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Annals of Cringe
Anyway, here's Modest Mouse
“Gen Z Never Learned To Read Cursive. How will they interpret the past?” asks former Harvard University President Drew Gilpin Faust in an Atlantic column that I won’t dunk on because I do not consent to this academic-irrelevancy fetish play. But how will Gen Z interpret the past? As cringe.
Reaction gifs are ‘for boomers’ and ‘cringe’ according to Giphy, who ought to know, in their UK legal brief explaining why only Facebook is cringe enough to want to buy them. Sorry Nilay, you just missed it. Is that Prime Minister of Cringe Liz Truss? Well we can’t spot everyone I’m afraid. And Emine Saner really went for it in The Guardian, rolling up the deaths of Queen Elizabeth II and Princess Diana, the Covid-19 pandemic, the Grenfell Tower disaster and the police murder of George Floyd as all just examples of “collective grief.” I guess nobody told the London police, since in her GQ chronicle of the five miles of cringe called the Queue, Laurie Penny wrote:
At hour eight, something unexpected happens. Something that, for some reason, none of the news coverage has mentioned. What happens is that the Queue shuffles slowly and painfully by the National Covid Memorial near Westminster Bridge. The police presence is stronger here than ever. They try to stop people from getting close enough to the wall to read the names of those who died of Covid-19. Most of us know someone on this wall. The police keep us moving. I have a pen in my pocket, but for some reason nobody’s allowed to add to the hundreds of thousands of names painted in hearts as far as the eye can see.
Some griefs are more collective than others. Speaking of England’s ongoing medieval LARP, here’s the historic moment the Lord Chamberlain “broke his wand” so that no other sorcerer could steal it and consume the power of the Queen. I also thought murdering the remaining corgis on live television was in extremely poor taste, but apparently it’s a tradition that goes back 1300 years to Queen Æthelburg, who got snackish during the siege of Taunton.
And in today’s deepest, darkest cringe, St. Louis’ Riverfront Times finally pulled the string that has been buried in the fundament of the Magnus Carlsen / Hans Niemann chess controversy out of the darkness and into the light:
Vice referenced an idea involving a hypothetical player "using vibration-based buttons in a player’s shoes" to communicate with a chess engine. A chess engine is a computer program that can be used to analyze the configuration of pieces on the chess board and then suggest moves to human players.
The vibrating shoes morphed into the notion that Niemann was communicating using a "prostate massager."
The theory is that Niemann won using anal chess beads. I guess that’s still better than Germany’s far-right AFD party, who gave everyone a bag of gummy dicks to remind them of AFD. Which: fair.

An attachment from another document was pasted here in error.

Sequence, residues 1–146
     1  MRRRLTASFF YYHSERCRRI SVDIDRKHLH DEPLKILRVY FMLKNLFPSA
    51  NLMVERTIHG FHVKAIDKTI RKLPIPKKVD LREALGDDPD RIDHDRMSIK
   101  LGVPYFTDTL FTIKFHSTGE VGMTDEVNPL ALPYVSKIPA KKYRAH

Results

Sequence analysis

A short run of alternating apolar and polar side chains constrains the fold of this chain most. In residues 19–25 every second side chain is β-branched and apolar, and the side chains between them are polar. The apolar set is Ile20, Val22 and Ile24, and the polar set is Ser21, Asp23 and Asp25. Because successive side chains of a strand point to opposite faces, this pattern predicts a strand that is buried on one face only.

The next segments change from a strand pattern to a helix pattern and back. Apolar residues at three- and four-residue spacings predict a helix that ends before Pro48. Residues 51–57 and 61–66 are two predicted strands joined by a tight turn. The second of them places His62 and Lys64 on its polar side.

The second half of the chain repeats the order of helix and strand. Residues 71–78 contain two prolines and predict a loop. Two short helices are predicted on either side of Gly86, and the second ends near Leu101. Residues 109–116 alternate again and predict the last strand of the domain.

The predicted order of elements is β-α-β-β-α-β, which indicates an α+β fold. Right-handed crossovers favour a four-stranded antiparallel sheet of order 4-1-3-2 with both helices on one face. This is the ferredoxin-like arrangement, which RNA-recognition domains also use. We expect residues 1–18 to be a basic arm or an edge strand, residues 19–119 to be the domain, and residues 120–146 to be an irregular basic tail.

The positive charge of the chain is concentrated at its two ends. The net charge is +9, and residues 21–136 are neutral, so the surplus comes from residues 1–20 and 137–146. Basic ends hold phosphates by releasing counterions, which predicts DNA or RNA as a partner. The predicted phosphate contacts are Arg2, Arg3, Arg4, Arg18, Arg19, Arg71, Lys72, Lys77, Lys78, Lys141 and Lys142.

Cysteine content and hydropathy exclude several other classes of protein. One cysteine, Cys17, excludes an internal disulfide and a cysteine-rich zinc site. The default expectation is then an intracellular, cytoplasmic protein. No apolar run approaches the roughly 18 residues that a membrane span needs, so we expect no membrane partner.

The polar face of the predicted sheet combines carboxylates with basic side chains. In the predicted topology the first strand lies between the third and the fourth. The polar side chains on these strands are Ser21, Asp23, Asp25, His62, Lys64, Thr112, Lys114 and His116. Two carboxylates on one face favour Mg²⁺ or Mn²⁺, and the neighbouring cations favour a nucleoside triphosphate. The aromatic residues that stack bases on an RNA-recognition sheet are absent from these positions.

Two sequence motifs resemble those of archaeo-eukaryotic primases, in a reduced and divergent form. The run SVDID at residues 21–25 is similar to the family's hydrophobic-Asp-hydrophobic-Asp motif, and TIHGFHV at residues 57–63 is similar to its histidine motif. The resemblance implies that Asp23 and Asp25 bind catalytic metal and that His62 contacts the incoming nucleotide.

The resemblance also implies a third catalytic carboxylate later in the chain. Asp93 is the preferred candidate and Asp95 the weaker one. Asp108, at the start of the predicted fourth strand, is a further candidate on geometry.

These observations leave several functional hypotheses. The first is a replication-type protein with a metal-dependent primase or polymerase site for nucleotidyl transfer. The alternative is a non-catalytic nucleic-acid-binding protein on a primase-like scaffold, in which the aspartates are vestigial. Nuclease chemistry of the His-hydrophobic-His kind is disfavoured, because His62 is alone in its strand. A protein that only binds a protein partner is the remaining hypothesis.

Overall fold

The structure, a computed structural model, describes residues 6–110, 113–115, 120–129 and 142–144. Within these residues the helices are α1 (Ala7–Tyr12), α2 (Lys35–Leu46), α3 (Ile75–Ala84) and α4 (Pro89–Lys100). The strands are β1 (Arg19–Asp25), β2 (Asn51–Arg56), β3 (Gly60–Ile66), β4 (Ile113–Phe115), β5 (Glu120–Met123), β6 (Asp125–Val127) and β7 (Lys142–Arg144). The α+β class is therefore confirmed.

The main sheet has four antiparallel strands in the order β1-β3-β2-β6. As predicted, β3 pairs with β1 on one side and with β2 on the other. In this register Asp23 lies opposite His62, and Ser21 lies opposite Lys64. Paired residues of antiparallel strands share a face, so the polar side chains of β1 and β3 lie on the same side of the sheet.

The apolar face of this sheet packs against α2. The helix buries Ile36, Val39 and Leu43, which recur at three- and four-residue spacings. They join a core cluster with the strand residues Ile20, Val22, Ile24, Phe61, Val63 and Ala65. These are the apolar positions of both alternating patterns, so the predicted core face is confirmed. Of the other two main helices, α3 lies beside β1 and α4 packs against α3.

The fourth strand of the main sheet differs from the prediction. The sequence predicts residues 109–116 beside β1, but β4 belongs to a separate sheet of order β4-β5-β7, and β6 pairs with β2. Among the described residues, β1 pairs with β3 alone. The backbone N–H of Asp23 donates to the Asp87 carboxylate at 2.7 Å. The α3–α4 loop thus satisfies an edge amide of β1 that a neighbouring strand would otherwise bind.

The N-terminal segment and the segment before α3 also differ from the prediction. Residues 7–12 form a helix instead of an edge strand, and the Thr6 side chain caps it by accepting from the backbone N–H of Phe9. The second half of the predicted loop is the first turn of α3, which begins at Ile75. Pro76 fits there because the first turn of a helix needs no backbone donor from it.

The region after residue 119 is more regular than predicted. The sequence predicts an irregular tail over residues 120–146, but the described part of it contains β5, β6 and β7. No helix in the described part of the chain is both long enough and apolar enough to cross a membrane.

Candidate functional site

Cheyenne Roundtree, Rolling Stone:
“…images circulated of the children gathered in an empty warehouse, eating a nutritious meal at foldout tables, and meeting Celtics player Jaylen Brown, who said three kids had given him their autographs. “[They] said they will be famous,” he wrote on Instagram after his visit. “I believe them.”
Matthew Belloni, Puck:
So far, it’s taken about a year to make 12 episodes of a sitcom—albeit a very labor-intensive sitcom—and there’s no finish line in sight. Lasso Season 3, the first with Sudeikis firmly in charge alongside co-creators Brendan Hunt and Joe Kelly, opened a writers room last September, and the cast arrived in London in early January. But Sudeikis personally decided the scripts needed a significant rewrite, according to multiple sources…
Thanks in large part to the delays, the Season 3 budget has ballooned between 20 percent to 30 percent (and counting), one source estimated, and Season 2 was already a lot more expensive than that great first season.
Will we regret making Figma founder and weirdly silent Peter Thiel-adjacent nerd Dylan Field a billionaire? Who can say. But The Wall St. Journal only got a total of sixteen words out of him. Charlie Stross: “Day 9 of the Necroqueen's progression to the Duat and the operation to tag the sacrifices is proceeding satisfactorily.” Did Russian trolls torpedo the Women’s March organization? I don’t know, but this story about it didn’t seem to satisfy anyone. Much more satisfying was Pat Castaldo on designing the cover for “The Lonesome Crowded West” and generally being an art-theatre gadabout in mid-90’s Olympia, WA: “Anyway, here’s Modest Mouse.” Jason Diamond: “Good Coffee Is Now Bad.” Grand theft Grand Theft Auto 6. Also Today in Hacks: Uber (yikes), and Kiwi Farms (lol). And Joe Wiesenthal argues that crypto is just tech stocks now:
Today In Weather: Catastrophic flooding in Puerto Rico. Catastrophic flooding in Alaska. Catastrophic flooding in Japan. Catastrophic flooding in Italy. And a new report on the catastrophic flooding last month in Pakistan suggests that “climate change made such heavy rainfall more likely.” I guess we’ll just have to wait and see.
Have you noticed that Amazon is impossible to use anymore? It’s even worse for sellers, according to Insider’s Rob Price and Katherine Long who found several being deluged with returns from counterfeit marketplace accounts that stole their identities. Amazon’s defense is that it found ten billion counterfeit product listings in 2020, and 94% of new seller account applications do not pass verification. Is that… good?
Be Smart: Clare Malone on the Axios founders’ new pamphlet ‘Smart Brevity:’ “I kept getting a little bored and putting it down.”
Today’s Song: Anyway here’s Modest Mouse
Happy Monday, sorry about almost everything in the newsletter today, I think I’m running out of sp